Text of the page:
‘Five Days of War’: The Movie President Obama Should See
Michaela Dodge /
Amidst the fuzziness of the Obama Administration “reset” policy with the Russian Federation, the movie Five Days of War portrays Russia’s dark side, writes Heritage’s analyst James Carafano in a recent post.
Set against the backdrop of the 2008 Russo-Georgian war, the film, directed by Renny Harlin, draws from firsthand accounts—the film ends with testimonies from Georgians who lost family members in the war—and reports by Human Rights Watch of Russian atrocities. These accounts also led Harlin to take decidedly pro-Georgian stance.
The Obama Administration has been hailing its reset policy as one of its greatest diplomatic achievements. Upon closer examination, though, it is clear that the reset has been nothing but a list of concessions to increasingly belligerent and aggressive state.
The Administration agreed to unilateral cuts of nuclear weapons in the New Strategic Arms Control Treaty, imposed sweeping restrictions on the U.S. missile defense system, and toned down the criticism of the deteriorating situation regarding human rights and civil freedoms in Russia. In return, Russian Prime Minister Vladimir Putin called the United States a “parasite” on the global economy. What was the U.S. President’s reaction? He called the reset a great achievement. If that is the case, one wonders how bad Russia would have to be to actually concern the State Department and the White House.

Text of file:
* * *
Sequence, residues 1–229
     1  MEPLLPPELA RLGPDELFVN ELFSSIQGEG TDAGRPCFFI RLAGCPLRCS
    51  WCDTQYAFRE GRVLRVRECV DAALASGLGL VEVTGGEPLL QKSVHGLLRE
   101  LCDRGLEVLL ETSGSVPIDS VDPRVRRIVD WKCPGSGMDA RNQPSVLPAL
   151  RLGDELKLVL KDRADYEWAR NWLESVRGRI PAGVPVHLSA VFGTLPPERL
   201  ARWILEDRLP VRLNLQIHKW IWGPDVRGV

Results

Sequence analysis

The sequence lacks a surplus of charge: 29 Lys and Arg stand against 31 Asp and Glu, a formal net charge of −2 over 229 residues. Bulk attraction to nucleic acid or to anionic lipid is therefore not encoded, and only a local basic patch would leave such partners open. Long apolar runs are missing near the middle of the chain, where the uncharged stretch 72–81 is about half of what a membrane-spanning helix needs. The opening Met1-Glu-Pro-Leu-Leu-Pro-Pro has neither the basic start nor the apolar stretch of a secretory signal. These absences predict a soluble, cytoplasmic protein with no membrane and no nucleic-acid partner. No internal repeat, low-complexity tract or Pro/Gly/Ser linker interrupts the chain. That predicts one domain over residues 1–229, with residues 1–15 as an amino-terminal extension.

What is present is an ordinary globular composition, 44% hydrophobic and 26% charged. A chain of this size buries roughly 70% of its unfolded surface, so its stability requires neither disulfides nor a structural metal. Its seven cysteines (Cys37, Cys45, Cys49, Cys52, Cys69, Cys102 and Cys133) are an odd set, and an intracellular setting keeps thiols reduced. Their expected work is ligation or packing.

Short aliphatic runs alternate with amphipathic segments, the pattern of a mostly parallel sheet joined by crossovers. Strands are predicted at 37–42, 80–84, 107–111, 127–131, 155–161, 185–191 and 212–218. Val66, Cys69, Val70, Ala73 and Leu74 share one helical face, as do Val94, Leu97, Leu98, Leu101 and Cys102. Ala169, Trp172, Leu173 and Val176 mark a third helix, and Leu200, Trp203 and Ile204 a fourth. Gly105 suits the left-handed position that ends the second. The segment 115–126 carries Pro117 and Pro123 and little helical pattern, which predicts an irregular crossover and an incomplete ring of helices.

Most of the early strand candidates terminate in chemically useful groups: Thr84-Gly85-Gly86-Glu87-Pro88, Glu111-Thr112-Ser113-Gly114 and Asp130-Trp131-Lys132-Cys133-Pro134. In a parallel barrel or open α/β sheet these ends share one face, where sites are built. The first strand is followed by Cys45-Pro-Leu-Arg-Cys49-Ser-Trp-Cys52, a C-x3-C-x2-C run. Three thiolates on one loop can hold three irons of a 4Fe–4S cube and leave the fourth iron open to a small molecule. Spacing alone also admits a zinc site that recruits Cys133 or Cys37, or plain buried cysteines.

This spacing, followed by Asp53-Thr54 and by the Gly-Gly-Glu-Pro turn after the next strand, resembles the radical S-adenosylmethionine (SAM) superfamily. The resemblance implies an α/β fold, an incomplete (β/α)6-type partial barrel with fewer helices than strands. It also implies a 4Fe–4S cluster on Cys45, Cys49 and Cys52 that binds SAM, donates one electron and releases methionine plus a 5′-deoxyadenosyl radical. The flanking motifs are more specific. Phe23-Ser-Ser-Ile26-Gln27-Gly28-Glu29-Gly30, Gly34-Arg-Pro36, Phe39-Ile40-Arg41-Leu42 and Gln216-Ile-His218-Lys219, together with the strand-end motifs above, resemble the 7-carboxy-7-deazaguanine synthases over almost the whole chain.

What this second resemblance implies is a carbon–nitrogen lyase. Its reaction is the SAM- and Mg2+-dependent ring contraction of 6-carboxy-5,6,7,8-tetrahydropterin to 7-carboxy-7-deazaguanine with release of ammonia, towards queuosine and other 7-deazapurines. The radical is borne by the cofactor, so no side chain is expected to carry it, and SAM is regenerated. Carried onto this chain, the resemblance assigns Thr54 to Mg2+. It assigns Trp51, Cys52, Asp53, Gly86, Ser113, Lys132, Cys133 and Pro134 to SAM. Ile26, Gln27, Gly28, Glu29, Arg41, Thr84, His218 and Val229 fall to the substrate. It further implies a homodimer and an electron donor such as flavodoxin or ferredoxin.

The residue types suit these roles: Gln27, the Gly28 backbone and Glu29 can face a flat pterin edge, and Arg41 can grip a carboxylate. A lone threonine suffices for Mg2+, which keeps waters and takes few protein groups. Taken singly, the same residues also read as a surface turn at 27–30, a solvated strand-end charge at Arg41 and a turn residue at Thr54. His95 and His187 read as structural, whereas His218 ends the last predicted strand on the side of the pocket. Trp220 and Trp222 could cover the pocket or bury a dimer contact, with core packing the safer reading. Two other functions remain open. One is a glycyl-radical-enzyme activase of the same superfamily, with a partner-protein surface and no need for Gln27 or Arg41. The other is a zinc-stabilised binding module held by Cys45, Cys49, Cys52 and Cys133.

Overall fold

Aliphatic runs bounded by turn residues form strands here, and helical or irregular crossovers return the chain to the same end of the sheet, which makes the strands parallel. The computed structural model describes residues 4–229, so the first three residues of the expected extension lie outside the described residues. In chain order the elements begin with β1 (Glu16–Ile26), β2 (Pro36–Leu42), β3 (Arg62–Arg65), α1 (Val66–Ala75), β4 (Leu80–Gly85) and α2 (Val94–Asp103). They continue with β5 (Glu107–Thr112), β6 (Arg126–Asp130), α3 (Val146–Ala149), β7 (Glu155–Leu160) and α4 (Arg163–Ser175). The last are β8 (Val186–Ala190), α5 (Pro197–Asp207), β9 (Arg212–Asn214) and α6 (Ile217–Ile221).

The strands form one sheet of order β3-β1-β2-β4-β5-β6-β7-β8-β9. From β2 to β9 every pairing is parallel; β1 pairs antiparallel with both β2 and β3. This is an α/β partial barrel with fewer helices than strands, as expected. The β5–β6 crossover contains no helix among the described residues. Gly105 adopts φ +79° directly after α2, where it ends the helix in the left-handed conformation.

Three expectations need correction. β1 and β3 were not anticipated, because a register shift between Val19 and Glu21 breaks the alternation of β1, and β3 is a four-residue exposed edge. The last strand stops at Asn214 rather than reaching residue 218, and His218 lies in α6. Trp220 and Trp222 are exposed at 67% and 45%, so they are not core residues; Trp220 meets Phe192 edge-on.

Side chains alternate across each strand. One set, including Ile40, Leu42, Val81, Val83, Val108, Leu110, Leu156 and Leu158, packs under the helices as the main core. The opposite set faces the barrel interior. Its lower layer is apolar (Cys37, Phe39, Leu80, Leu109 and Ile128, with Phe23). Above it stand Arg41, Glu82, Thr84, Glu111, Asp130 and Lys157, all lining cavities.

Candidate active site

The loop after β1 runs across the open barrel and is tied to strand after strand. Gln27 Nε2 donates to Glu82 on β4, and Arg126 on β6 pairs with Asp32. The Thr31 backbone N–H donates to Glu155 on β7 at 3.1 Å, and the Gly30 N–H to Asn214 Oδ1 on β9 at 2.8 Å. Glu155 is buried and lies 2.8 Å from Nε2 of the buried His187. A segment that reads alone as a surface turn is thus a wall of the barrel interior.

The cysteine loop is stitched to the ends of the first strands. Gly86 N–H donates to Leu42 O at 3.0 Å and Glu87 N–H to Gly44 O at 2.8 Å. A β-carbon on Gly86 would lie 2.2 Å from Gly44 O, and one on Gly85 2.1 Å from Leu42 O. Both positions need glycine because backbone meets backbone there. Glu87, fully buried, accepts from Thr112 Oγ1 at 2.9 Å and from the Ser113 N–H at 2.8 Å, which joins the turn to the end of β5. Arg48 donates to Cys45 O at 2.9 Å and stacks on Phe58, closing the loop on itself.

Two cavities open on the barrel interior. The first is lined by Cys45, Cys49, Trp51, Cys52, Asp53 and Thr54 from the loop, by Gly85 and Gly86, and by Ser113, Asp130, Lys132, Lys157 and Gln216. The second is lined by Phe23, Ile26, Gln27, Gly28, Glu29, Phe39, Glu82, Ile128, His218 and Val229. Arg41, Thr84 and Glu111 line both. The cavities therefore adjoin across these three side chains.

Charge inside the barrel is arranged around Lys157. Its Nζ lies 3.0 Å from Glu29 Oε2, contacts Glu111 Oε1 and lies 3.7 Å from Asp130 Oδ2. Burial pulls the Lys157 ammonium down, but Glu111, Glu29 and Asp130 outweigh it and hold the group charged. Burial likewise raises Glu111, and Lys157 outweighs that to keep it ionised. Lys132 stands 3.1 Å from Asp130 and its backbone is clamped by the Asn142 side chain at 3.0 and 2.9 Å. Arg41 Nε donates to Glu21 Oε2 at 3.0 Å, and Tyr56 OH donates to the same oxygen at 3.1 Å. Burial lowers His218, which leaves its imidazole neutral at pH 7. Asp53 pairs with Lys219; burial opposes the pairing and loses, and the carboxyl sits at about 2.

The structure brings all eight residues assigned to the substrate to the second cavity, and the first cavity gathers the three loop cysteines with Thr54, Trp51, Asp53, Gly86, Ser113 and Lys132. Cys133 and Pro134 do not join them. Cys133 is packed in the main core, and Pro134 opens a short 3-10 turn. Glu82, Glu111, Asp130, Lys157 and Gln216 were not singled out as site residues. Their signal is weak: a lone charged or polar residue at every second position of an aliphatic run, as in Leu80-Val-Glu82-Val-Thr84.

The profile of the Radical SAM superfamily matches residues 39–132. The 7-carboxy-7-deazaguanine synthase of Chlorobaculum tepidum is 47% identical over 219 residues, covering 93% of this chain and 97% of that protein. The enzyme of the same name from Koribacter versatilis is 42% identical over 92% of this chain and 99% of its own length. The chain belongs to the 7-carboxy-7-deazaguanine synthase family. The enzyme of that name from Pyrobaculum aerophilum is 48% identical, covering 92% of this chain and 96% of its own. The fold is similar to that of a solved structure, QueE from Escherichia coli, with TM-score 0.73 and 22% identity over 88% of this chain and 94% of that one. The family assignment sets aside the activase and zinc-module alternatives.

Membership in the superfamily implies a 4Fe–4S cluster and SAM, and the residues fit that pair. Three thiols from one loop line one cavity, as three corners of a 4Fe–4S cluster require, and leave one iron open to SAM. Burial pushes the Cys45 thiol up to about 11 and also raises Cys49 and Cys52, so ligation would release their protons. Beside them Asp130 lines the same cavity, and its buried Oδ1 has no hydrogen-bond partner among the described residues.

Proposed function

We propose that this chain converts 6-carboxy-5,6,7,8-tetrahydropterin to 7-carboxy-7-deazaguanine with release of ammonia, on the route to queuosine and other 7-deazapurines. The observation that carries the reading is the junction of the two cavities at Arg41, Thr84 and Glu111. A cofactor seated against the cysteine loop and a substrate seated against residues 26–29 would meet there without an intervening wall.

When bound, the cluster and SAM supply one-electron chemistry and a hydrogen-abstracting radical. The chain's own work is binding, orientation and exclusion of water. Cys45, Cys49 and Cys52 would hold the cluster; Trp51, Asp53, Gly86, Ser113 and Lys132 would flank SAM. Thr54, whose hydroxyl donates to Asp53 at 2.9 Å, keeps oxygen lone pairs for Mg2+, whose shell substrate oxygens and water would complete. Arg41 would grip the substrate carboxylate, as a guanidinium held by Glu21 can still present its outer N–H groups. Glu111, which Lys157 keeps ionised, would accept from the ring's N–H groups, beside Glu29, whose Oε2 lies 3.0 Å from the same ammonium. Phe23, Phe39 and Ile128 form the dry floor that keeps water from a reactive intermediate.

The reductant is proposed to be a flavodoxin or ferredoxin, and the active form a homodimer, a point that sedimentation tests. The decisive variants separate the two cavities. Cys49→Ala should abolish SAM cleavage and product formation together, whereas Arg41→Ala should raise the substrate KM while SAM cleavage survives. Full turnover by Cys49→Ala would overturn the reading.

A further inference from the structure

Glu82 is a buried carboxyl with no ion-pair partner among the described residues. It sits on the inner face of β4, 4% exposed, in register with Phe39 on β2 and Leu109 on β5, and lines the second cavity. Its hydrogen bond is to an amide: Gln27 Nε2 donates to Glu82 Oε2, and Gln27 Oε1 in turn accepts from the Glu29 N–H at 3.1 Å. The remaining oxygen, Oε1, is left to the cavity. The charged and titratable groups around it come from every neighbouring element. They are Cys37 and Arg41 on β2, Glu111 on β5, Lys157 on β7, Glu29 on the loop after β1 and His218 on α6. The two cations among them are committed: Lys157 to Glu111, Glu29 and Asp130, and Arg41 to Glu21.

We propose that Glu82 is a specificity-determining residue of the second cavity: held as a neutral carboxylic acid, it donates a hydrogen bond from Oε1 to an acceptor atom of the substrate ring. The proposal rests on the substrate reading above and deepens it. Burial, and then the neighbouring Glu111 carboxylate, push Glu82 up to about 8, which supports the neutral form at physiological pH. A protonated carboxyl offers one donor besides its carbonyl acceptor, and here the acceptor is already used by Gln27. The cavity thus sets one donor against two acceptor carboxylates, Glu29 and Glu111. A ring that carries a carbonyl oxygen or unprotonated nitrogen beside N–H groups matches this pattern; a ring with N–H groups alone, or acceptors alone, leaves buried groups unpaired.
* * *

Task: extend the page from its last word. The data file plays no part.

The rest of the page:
For Georgia, implications of the reset have been severe. Since the 2008 war, Russia has been working toward subverting the Georgian government and destabilizing the region. Moscow has been strengthening its military presence in Georgia’s break-away regions of Abkhazia and South Ossetia and continues to support their independence. So far, the United States has done a little to counter the Russian influence in the region and worldwide.
It is time for the Obama Administration to launch a true reset based on the values of freedom and justice. The new policy should focus on supporting dissent groups and democratic grassroots movements in the Russian Federation. The United States has concrete tools at its disposal—e.g. it can deny visas to corrupt businessmen and Russian prosecutors who fabricate evidence in politically motivated cases.